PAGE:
AP ENGLISH LANGUAGE AND COMPOSITION The Exam
- Wed, May 16, 2018
AP English Language and Composition Exam Day 2018
- 8 a. m. | 3 hrs 15 mins
The AP English Language and Composition Exam includes multiple-choice and free-response questions that test essential skills covered in the course curriculum:
- reading comprehension of rhetorically and topically diverse texts
- rhetorical analysis of individual texts in isolation
- synthesis of information from multiple texts
- written argumentation
Encourage your students to visit the AP English Language and Composition student page for exam information and exam practice.
Multiple Choice — 52 to 55 Questions | 1 Hour | 45% of Exam Score
- Excerpts from non-fiction texts are accompanied by several multiple-choice questions
Free Response — 3 Free-Response Questions | 2 Hours, 15 Minutes (includes a 15-minute reading period) | 55% of Exam Score
This section has three prompts:
- Synthesis: Students read several texts about a topic and create an argument that synthesizes at least three of the sources to support their thesis.
- Rhetorical analysis: Students read a non-fiction text and analyze how the writer’s language choices contribute to his or her purpose and intended meaning for the text.
- Argument: Students create an evidence-based argument that responds to a given topic.
The total Section II time is 2 hours and 15 minutes. This includes a 15-minute reading period. The reading period is designed to provide students with time to develop thoughtful, well-organized responses. They may begin writing their responses before the reading period is over.
Synthesis Essay Materials
The two synthesis essay questions below are examples of the question type that has been one of the three free-response questions on the AP English Language and Composition Exam as of the May 2007 exam. The synthesis question asks students to synthesize information from a variety of sources to inform their own discussion of a topic. Students are given a 15-minute reading period to accommodate the additional reading required for the question.
Below is a sample synthesis essay question, sample scoring guidelines, comments from the Chief Reader about the sample student essays, seven sample student responses, and scoring commentary for each sample.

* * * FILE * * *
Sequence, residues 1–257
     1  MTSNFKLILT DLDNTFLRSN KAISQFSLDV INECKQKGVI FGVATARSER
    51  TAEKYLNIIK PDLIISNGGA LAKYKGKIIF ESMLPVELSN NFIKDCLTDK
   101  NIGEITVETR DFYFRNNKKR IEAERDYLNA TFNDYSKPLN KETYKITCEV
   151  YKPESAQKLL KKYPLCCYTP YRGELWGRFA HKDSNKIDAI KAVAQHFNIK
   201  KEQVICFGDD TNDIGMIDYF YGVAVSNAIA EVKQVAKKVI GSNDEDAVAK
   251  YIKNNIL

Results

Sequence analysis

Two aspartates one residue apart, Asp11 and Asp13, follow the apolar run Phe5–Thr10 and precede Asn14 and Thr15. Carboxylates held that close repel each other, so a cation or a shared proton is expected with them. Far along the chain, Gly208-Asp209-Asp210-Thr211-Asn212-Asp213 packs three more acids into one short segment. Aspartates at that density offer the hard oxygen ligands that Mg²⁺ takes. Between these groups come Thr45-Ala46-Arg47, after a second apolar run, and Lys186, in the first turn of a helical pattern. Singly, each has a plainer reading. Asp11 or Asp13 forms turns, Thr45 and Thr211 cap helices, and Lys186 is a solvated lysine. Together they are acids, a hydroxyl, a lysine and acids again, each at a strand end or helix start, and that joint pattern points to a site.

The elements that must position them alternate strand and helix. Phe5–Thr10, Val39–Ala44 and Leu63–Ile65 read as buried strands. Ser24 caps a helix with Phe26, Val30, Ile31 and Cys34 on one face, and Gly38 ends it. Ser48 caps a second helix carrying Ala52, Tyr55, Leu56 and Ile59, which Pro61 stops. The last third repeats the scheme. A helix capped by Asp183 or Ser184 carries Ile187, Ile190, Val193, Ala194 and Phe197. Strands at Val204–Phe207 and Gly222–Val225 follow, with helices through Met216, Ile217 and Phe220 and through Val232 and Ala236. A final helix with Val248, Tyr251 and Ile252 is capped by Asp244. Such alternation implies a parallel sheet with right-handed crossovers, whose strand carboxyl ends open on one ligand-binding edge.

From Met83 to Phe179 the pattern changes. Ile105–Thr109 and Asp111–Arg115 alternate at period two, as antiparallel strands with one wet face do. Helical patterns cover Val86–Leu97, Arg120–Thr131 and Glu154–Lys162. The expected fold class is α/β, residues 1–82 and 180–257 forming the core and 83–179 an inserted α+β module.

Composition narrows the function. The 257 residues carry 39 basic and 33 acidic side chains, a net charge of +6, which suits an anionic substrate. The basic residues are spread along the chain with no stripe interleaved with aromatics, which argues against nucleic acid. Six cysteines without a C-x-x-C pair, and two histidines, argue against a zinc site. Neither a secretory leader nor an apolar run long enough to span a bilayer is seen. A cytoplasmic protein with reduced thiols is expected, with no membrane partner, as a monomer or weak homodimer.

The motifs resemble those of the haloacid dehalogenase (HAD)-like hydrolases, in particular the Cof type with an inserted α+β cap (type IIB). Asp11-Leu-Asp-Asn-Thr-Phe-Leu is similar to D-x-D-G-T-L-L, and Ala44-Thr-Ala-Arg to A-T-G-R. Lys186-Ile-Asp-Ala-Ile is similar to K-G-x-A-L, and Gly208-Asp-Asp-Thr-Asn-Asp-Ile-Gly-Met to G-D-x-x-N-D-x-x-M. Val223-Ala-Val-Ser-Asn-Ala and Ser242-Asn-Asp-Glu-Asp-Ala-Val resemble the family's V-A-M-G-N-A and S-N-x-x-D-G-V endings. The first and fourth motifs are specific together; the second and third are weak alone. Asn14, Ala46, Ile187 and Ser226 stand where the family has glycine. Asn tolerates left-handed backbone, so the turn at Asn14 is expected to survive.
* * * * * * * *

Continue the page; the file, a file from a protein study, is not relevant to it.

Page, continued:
Approximately 300 AP English Language and Composition students from eight schools in New York, Maine, Texas, Tennessee, Washington, Florida, and New Mexico wrote responses to this synthesis topic. Students from these schools were given a 15-minute reading period followed by a 40-minute writing period in which to complete the sample synthesis assignment.
An additional sample synthesis essay question is provided here.
APAS English Block 2
«I write to discover what I think.» – Daniel J. Boorstin
AP English Language and Composition Practice Exams & Study Aides
Here are some sample essays from previous AP tests, with student writing, rubrics, and grading rationales. More to come.
The best way to use this resource: Practice writing at least one of each of the different types of essays below. Do as many practice essays as you can, and time yourself using the time limits listed on the prompts.
Step 1) Practice the essay just as you would in the exam, without looking at the sample essays or scoring guidelines.
Step 2) When you’ve finished your essay, read the scoring guidelines, and read the sample essays. Try to score the sample essays yourself.
Step 3) Now read the scoring rationales. Compare the AP readers’ scores with the scores you assigned the essays.
Step 4) Comparing your essay to the sample essays, decide what score your essay would have recieved. Look for ways to improve for next time.
Try to practice as much as you can. However, if you absolutely cannot do one practice essay, at least look through the samples to gain some familiarity with the prompts and expectations.
Glossary of Rhetorical Terms – An excellent resource for reviewing most of the terms you’ll need to know for the English test.